Straight Line on the Graph
Date: 09/10/98 at 22:57:46 From: Elsa Subject: e Let f(x) = ae^(kx) where a>0 and k are constants. Show that the graph of y = ln(f(x)) is a straight line.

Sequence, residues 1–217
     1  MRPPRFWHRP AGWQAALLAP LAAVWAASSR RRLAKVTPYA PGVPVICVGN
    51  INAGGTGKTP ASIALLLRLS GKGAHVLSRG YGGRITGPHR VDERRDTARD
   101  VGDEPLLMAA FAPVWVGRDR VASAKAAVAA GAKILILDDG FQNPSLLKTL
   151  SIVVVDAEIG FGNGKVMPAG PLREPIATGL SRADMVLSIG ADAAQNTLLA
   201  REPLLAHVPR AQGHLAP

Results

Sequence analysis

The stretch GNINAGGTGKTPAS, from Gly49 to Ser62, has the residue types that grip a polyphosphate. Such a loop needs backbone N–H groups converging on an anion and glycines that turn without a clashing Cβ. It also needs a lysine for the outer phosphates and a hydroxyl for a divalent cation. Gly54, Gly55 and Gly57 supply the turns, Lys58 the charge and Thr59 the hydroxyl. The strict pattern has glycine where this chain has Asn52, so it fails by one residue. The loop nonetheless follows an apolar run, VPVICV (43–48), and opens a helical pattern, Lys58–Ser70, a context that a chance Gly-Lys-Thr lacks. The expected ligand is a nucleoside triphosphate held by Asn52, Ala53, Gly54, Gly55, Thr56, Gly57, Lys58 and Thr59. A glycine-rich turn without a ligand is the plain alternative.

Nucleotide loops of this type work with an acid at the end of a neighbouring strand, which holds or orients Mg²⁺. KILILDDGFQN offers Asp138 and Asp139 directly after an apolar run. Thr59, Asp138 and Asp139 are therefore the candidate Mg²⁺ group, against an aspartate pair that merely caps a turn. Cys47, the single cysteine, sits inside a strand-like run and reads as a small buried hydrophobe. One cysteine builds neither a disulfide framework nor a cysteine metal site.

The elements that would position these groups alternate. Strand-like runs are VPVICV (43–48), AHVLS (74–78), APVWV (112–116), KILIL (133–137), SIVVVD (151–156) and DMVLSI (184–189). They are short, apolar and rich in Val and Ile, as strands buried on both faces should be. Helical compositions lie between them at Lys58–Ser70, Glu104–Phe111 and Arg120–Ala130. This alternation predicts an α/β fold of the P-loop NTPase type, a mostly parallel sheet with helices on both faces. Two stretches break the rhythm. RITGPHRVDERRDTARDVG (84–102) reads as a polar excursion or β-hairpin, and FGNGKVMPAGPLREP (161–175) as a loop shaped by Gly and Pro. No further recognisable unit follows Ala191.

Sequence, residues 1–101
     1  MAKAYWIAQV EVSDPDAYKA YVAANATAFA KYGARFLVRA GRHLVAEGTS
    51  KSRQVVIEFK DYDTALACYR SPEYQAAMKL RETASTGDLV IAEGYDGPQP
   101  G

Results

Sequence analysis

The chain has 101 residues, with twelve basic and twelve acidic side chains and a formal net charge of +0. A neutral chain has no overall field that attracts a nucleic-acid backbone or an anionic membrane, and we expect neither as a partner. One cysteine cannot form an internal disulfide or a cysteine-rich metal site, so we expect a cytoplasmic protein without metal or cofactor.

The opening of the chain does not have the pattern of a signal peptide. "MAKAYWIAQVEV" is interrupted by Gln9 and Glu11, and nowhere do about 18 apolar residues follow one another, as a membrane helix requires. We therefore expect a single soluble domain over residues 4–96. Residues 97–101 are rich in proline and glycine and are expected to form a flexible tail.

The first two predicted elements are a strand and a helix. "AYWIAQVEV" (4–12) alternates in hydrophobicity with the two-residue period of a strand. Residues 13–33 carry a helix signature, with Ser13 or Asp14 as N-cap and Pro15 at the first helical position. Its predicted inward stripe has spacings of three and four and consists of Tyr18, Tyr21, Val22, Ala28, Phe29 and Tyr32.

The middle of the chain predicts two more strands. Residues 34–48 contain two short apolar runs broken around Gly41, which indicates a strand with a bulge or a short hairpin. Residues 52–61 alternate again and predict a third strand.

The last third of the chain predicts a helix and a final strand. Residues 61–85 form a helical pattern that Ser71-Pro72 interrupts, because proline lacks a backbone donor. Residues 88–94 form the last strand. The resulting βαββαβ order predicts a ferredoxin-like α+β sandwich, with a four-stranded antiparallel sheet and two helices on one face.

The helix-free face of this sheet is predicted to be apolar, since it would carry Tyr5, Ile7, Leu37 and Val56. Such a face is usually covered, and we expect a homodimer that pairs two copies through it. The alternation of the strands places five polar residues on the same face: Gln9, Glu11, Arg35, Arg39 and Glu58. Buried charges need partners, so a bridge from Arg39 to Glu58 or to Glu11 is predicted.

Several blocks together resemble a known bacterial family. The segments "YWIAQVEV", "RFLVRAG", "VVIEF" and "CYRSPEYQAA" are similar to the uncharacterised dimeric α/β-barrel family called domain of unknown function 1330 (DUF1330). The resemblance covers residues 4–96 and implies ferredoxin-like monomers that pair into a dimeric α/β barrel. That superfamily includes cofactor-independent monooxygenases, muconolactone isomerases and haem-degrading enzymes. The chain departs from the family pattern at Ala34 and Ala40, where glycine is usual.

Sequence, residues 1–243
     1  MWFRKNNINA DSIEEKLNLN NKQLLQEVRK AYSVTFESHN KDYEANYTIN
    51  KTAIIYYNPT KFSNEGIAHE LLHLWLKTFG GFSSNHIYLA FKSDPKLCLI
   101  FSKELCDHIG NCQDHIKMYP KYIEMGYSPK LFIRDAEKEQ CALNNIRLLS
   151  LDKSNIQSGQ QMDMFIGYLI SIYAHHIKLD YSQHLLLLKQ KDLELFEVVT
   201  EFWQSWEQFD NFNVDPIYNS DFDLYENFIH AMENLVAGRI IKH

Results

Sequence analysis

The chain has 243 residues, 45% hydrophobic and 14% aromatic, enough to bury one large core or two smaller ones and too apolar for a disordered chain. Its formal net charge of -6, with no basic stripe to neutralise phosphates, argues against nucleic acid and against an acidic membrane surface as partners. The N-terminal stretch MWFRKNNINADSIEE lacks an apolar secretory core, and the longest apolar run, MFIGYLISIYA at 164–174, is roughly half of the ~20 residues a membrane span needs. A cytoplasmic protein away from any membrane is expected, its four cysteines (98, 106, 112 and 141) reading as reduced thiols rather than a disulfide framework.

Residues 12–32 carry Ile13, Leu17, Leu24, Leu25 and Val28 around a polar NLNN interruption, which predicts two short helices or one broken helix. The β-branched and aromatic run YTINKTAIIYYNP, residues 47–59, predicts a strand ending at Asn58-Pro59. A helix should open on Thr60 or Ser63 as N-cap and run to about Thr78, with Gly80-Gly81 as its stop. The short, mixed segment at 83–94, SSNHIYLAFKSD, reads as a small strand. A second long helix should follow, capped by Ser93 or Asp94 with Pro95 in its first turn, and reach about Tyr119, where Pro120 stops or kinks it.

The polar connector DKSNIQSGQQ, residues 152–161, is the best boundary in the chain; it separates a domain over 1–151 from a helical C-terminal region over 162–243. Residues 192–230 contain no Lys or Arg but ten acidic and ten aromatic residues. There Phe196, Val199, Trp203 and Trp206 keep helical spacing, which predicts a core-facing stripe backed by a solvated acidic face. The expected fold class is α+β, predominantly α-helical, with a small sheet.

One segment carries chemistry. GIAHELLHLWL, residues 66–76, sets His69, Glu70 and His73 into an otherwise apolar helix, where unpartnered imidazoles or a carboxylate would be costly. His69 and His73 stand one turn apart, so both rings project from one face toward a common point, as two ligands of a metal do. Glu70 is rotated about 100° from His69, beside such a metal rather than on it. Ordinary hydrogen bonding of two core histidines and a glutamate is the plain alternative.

Date: 09/13/98 at 19:43:05 From: Doctor Teeple Subject: Re: e Hello Elsa, In order to answer this question, there are some facts about ln and e that you need to use. I'll list them now, so we have something to refer to: Fact 1) ln(a*b) = ln(a) + ln(b) Fact 2) ln(e^x) = x This comes from the fact that the natural logarithm (ln) function is the inverse to e. So, essentially, the ln "undoes" the e^x. Fact 3) e^(xy) = (e^x)^y Fact 4) ln(a^b) = b*ln(a) Now, we need to show that y = ln(f(x)) looks like a straight line. A good place to start is to remember what the equation of a line looks like. In general we know that the function of a straight line looks like: y = mx + b where m is the slope and b is the y-intercept. So we want to show that if we take the natural logarithm of f(x), that is ln(f(x)), it will look like the general equation of a straight line. Using the above facts, we can start to manipulate the ln(f(x)) equation: y = ln(f(x)) = ln(a*e^(kx)) plugging f(x) into the equation = ln(a) + ln(e^(kx)) using fact 1 = . . . Continue using the other facts to get the above equation into the format of the equation of a line. For example, in the next step, what can you do to the ln(e^(kx))? One other hint is that since we know a is a constant, we know that ln(a) is a constant. If that's not clear, please write back. Good luck with continuing your equation manipulations. - Doctor Teeple, The Math Forum Check out our web site! http://mathforum.org/dr.math/
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